Notably, independent contractors and self-employed workers (including musicians and other performers) are typically not covered. However, officials have noted that Gov. Cooper is likely to seek a federal disaster declaration which, if approved, could also extend unemployment benefits to these types of employees.
Unfortunately, the state program, run through the Department of Commerce, operates only as a stop-gap for people between jobs. It pays out relatively low benefits for short periods of time compared to other states —it wasn’t designed for a long-term pandemic crisis. It’s not just that the department was reportedly overwhelmed by phonecalls, with local restaurant workers saying the phone system and website had both ground to a halt — the problem is that the department is simply not prepared or designed to protect an entire workforce from the government-ordered restriction or shutdown of their industry.
Federal stimulus, local action?
Currently, both White House and Congress are discussing various nationwide stimulus payments, including a $1,000 payment to individual U.S. citizens (with some suggesting a family of four could receive up to $18,000 in eventual relief). The plan will also likely include loans for small businesses.
That’s likely to prompt a sigh of relief for many, but it remains unclear how long the shutdown (either direct or de facto, due to crowd restrictions) of the service industry could last. For those relying on state unemployment, that will be troubling.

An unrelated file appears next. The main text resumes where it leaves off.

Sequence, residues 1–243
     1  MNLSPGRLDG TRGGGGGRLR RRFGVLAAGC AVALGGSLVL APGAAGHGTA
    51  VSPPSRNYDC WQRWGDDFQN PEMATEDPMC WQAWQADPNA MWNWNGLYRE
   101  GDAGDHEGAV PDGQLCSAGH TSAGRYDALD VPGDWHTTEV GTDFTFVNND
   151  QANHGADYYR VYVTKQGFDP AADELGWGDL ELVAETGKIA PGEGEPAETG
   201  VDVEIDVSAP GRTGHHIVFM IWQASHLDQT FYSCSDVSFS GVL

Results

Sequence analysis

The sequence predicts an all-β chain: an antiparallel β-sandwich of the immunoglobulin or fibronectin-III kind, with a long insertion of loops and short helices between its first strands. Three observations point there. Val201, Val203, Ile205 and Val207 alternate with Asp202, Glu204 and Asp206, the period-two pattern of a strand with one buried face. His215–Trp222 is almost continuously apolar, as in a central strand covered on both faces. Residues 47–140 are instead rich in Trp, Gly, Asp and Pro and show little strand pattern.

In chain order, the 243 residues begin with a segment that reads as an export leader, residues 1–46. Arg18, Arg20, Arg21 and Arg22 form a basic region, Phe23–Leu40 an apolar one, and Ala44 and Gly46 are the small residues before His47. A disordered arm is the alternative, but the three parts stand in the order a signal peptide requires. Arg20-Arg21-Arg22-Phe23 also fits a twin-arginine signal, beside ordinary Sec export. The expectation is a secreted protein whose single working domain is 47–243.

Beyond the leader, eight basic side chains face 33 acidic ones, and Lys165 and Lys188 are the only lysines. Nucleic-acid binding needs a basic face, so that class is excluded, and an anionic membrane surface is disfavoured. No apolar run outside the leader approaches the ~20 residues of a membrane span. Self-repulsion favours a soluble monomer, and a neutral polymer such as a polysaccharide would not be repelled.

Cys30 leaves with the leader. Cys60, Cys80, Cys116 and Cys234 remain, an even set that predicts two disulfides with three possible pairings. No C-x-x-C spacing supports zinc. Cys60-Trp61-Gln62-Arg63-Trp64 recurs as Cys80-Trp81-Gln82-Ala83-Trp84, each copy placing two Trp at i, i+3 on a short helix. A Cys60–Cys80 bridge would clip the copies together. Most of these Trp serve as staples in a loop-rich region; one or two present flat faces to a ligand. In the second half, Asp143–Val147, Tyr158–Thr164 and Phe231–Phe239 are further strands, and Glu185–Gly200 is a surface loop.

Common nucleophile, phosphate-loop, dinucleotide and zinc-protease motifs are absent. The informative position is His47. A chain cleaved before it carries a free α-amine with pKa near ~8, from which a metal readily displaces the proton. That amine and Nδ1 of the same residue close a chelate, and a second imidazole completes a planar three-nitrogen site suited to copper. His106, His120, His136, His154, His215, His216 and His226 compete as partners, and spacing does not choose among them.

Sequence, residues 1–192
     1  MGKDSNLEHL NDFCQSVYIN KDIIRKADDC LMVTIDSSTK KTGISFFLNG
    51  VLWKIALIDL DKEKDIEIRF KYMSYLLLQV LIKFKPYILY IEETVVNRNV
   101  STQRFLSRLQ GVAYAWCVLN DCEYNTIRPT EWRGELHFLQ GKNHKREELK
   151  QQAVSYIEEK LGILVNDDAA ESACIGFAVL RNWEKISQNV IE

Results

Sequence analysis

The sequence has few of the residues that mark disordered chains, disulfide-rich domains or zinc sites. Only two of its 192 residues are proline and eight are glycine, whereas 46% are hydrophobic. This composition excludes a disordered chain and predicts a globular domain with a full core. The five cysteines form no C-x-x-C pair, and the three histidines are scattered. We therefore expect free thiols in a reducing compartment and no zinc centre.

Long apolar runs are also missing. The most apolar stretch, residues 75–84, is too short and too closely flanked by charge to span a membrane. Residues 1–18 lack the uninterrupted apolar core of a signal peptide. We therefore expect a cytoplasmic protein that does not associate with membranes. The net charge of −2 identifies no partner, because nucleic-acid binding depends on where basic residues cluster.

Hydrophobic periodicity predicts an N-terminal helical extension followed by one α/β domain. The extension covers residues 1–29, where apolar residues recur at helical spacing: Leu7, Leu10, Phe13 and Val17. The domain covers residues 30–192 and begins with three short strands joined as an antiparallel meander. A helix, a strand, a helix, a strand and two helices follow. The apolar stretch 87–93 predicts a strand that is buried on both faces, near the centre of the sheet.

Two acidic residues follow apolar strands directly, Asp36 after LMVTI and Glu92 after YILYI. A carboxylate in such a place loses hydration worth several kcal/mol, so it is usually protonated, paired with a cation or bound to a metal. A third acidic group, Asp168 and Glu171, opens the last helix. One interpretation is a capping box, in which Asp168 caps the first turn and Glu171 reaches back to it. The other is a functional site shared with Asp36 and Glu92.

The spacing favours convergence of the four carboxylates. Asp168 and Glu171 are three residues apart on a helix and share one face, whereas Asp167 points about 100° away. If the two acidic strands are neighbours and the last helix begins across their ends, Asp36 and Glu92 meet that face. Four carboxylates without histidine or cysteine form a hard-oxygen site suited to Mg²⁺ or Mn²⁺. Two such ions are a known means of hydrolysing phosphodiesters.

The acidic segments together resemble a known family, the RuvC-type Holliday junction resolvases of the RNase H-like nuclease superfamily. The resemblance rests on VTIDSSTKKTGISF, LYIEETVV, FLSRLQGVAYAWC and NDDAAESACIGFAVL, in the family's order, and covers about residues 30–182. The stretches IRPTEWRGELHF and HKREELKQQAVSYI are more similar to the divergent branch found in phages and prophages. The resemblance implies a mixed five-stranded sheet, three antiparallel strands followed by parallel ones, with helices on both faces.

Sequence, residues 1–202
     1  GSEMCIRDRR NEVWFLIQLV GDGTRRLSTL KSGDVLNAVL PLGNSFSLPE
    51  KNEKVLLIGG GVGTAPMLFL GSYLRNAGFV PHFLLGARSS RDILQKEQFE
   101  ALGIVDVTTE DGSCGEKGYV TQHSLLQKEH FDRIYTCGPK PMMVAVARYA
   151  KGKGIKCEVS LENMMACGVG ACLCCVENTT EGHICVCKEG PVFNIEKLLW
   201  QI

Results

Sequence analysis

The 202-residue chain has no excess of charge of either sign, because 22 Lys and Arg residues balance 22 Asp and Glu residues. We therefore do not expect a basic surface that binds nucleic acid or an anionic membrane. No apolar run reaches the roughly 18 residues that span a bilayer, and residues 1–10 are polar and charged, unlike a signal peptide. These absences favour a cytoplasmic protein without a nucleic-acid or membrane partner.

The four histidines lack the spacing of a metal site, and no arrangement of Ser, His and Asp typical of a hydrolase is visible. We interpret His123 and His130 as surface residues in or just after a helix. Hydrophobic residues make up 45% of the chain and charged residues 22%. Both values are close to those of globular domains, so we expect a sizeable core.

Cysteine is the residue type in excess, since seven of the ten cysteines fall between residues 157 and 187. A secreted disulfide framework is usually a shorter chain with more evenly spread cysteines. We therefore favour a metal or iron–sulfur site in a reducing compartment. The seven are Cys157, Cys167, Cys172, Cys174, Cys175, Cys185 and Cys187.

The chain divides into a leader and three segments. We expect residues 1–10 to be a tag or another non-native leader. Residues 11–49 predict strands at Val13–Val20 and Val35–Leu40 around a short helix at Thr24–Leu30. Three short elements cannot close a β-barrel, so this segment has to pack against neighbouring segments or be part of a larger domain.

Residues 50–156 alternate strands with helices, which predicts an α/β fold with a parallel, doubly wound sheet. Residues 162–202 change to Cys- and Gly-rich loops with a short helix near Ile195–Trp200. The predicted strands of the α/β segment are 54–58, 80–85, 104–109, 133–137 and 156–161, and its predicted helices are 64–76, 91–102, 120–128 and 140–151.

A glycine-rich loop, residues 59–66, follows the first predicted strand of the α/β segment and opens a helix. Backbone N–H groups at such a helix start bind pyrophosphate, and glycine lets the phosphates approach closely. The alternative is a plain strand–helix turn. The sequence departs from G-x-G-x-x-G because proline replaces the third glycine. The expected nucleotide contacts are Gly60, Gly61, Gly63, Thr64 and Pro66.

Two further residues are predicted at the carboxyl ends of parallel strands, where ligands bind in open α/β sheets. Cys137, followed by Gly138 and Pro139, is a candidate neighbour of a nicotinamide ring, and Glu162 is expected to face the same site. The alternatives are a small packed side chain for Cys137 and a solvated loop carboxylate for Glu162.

North Carolina pays out relatively low (41st in the nation) benefits, with a weekly maximum of $350, and an average of around $260. It also pays for a relatively short period of time (only Georgia has a shorter average duration). At the same time, the state has amassed a $3.9 billion fund for its unemployment program.
According to State Representative Deb Butler, the governor’s office likely can’t extend the duration of benefits or raise the ceiling without legislation. Peterson agreed, noting that the benefits were already ‘paltry’ but that, especially in a crisis where employees lost hours or jobs through no fault of their own, something had to be done.
But, to do that, the General Assembly needs to convene — which it isn’t slated to do for over a month.
“We need to convene — we’re going to have to convene soon,” Peterson said, noting that a federal aid package might require state contributions, which the legislature would need to vote on.
According to Peterson, as well as Representative Ted Davis, there have been out-of-session discussions about addressing the state’s hardest-hit employees.
“House Speaker Tim Moore has informed me that there are many different directions that this can go, and he is presently working with others to find a way to help those businesses and employees affected by the closures while not ‘breaking the bank’ in the process,” Davis said.
According to Peterson, legislators are now working on the logistics of convening committees and the general assembly itself without violating the same restrictions on public gatherings that has made it necessary for them to take action.
Send comments and tips to Benjamin Schachtman at firstname.lastname@example.org, @pcdben on Twitter, and (910) 538-2001